Significant Kidnap Events


A heavily armed group kidnapped two Chinese miners from a mining site in Ebonyi State on 2 June. The kidnappers targeted an operation run by Greenfield Metals Nigeria Limited and fired indiscriminately to scare the miners before abducting their victims. Local media sites have reported that the Chinese nationals are still missing. Greenfield Metals has experienced two kidnappings in Ebonyi State this year. In both incidents, Chinese workers were taken and released against an unknown sum of money. In the last two years, ransom payments for foreign miners in the State have reached N15 million (roughly USD 38,000).


A criminal group kidnapped a bank manager identified as Karina S., and forced her to steal 14 million pesos (approximately USD647,000) from the bank vault of her local branch in Mexico City. The gang had fitted Karina with an explosive belt and swapped her mobile phone for another smartphone to monitor her movements as she executed the heist. They had threatened to kill her family if she failed to comply. After leaving the bank, the kidnappers ordered Karina to take a getaway car to the Rio de Los Remedios canal and leave the money before walking away. Only then was she allowed to discard the belt. The targeted bank, BBVA México, is the largest financial institution in the country. A spokesman announced in a statement on 6 June that the belt bomb was fake, and that the incident was under investigation.


A piracy group that took six fishermen hostage off the coast of Gabon on 3 May, released them on 9 June after an undisclosed sum of money was paid. The victims, a South Korean, two Senegalese, and three Indonesians, were seized from two fishing vessels near Libreville and later released in southern Nigeria. A source close to the Gabonese government said the fishermen were held captive in the Niger Delta area. It was the second pirate attack off the Gabonese coast this year.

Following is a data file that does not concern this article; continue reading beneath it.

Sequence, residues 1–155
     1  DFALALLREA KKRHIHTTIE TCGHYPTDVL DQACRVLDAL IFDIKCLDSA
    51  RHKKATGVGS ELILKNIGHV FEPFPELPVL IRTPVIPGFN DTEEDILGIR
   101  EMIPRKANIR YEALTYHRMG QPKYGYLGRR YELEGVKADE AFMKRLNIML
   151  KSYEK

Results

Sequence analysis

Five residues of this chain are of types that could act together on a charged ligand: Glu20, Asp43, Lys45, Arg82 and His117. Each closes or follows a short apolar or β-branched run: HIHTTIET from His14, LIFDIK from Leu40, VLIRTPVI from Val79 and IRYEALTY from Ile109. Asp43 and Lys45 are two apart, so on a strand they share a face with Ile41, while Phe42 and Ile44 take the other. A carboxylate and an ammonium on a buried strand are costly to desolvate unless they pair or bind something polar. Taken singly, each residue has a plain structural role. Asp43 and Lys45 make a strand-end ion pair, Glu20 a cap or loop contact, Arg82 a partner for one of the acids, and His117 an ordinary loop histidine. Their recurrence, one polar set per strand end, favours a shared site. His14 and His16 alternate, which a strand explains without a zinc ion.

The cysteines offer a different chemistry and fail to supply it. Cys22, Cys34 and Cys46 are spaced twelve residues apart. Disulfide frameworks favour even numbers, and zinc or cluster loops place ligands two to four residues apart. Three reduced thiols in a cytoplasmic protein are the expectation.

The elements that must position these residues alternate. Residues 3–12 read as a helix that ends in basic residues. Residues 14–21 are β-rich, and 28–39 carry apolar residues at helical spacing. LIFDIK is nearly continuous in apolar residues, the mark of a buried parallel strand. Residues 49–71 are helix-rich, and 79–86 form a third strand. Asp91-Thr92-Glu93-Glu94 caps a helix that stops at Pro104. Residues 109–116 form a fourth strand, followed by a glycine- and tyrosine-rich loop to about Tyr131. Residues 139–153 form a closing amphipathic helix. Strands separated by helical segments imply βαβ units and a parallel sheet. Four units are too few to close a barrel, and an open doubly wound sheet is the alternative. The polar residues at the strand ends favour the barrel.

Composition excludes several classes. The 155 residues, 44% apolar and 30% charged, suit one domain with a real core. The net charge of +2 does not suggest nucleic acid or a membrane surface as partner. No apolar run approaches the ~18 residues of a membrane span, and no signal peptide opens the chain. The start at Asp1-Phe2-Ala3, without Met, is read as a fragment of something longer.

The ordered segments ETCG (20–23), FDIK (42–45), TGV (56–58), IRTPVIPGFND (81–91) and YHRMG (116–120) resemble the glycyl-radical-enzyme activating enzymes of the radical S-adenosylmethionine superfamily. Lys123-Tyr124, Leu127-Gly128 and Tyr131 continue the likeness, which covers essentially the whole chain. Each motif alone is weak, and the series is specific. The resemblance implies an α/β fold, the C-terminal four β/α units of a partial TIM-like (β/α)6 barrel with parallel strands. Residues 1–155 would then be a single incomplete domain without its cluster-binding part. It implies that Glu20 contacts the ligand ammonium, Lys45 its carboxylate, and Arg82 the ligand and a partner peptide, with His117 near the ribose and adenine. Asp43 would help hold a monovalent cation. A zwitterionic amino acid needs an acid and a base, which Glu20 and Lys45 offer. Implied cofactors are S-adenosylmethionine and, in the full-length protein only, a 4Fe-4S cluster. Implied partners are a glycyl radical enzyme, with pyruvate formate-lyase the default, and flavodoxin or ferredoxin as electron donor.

Criminals set fire to a textiles business in Cuajimalpa, a borough of Mexico City, on 16 June. The owner had been contacted by a local gang that demanded 25,000 pesos (USD1,000). After several threatening calls, the businessman said he was unable to pay. The extortionists set his business ablaze four days later. The local Prosecutor’s Office has documented 20 similar cases in the borough over the last twelve months, with extortion rates averaging from 500 to 2,500 pesos per week.


Armed tribal fighters kidnapped two local officials in the Tombouctou region city of Dire on 17 June. The kidnappers reportedly stormed a political office of the sub-prefects of Dire and Dangha and abducted them before fleeing the area. The attack left three people dead. Local security forces responded but were unable to locate the kidnapped officials. Multitude armed groups are fighting for Islamist control in northern Mali, including Ansar Dine, al-Qaeda in the Islamic Maghreb (AQIM), the Movement for Unity and Jihad in West Africa (Mujao), and the Signed-in-Blood Battalion and the Islamic Movement for Azawad (IMA). These groups engage in kidnapping activities and have abducted dozens of villagers across the center and north of the country this year.


On 18 June, the Colombian Army freed a Swiss tourist and his Brazilian companion after leftist guerrilla fighters kidnapped them in mid-March. Daniel Max Guggenheim and Jose Ivan Albuquerque were rescued during a military operation in the southwestern Cauca department, an area beset with drug-trafficking violence. The “Dagoberto Ramos Mobile Column,” a group of about 2,300 armed FARC dissidents, had abducted the pair. The military unit that freed them also captured one of the suspected kidnappers, who was guarding the couple when rescued. The hostage takers had initially asked Mr. Guggenheim’s family for a ransom equivalent to USD266,000 before lowering their demand to USD1,300. Since breaking away from the FARC, dissident groups have continued armed resistance to the government, financing themselves through drug-trafficking and illegal mining.


Criminals kidnapped a businessperson on the Long Thanh – Dau Giay expressway in the southeastern province of Dong Nai on 18 June. They forced the victim, his wife, and their daughter into a waiting vehicle and drove off towards Ho Chi Minh City. During the abduction, the kidnappers threatened the businessman’s’ daughter with a needle they warned contained HIV unless he transferred a large sum of money into a Bitcoin account. The businessman was beaten during the two-hour ordeal and only released with his family once the kidnappers had received several payments. The police launched an investigation that led to the arrest of several suspects.